Sunday, February 16, 2014

Game Report: A Feast of Crows

This week, I met up with a SAGA gamer through the Studio Tomahawk forum who lives relatively close to me.  For those who live in a game store laden metropolitan area, "close" means someone who shares this rather obscure hobby within an hour's drive.

With three people playing, we went for the Feast of Crows scenario, slightly modifying the starting deployment. I fielded my Scots, my first time playing the faction, while my two opponents went with the Normans and the Welsh.  If one wants to be historical, its an encounter that could take place in Northumbria in the 1070s or 1080s, as the Normans pushed the boundaries of their English conquests.


Above, after the first turn, my Scots move into cover with Normans to the left and Welsh to the right.



The first encounter takes place between the Normans and Welsh, as a group of Sergeants get pelted by Welsh javelins.  


On the other side of the field, Norman knights take a hit from the Scot Levy javelins as they bear down on a unit of Thanes.


The Thanes were wiped out by the Knights, with me losing three of the Scots for two Knights.  Above, I pull up a unit of Soer-Chele to assist the levy. 



The Scot Warlord and Thanes turn back the Welsh Warlord and mounted Teulu without a single loss. 


The Norman player's collection of defeated models, winning with the most victory points. My quick after-analysis says that Norman win was because the player took advantage of their two strengths - they are "shooty" and heavily armored. I like the Normans for the same reason. Despite my second place finish, I feel good about the Scots and plan to use them again, but perhaps with a bow levy instead of a javelin levy.  They are very defensive, which suits my play style very well, but with some nasty abilities such as Hold the Ground and Give Ground, both very devastating if used correctly.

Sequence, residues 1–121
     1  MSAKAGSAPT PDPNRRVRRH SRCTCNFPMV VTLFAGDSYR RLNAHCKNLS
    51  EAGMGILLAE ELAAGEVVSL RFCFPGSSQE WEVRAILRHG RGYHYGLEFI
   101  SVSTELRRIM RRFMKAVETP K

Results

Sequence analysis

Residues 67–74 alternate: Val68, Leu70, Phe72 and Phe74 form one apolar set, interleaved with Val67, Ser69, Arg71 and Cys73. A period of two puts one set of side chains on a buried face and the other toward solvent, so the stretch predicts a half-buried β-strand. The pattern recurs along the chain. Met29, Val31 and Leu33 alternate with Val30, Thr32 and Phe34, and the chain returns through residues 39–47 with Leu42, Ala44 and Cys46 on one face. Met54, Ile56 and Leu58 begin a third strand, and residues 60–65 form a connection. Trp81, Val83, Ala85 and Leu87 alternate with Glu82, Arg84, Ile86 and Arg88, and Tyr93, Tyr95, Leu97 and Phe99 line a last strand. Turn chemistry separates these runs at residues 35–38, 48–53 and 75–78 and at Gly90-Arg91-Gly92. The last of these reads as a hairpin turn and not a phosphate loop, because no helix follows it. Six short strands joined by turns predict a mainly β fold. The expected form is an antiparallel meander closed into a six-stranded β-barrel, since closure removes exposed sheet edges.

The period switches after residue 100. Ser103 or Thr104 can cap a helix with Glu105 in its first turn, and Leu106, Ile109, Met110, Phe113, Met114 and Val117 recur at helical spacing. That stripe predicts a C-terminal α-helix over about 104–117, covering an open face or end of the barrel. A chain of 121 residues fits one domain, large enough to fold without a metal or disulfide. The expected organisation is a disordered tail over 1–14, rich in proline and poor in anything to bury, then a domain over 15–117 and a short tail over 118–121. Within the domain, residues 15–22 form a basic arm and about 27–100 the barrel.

Thanks to The Battlegrounds in Dalton, Georgia for letting us use their space.  I am sure we looked odd amongst the Yugioh and Magic players, but their stock of board games and RPGs was top notch. Their racks of vintage NES, Sega and Playstation games was temptingly nostalgic, and I plan to pick some up the next time I am in there.  I look forward to more battles with my new friend, and possibly converting some of the curious teens who wandered over to our table into wargamers. 





4 comments:

  1. Please put the curious teenagers under the spell of SAGA, it is way cheaper than MTG and Yugioh you will be doing them a favour, oh and you might end up with the odd opponent too.

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  2. Nice looking game and figures. Saga is a great rule set to get folks into wargaming. Best, Dean

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  3. Lovely report and game, congrats!
    A.

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  4. Thanks for the comment, everyone! In general, I feel that the hobby takes generally advertises itself - people find their way into historical gaming if that's their inclination. But I probably should get some extra plastic Vikings and Normans to keep in my classroom and see if my students who are into Magic and RPGs will be willing to give it a try.

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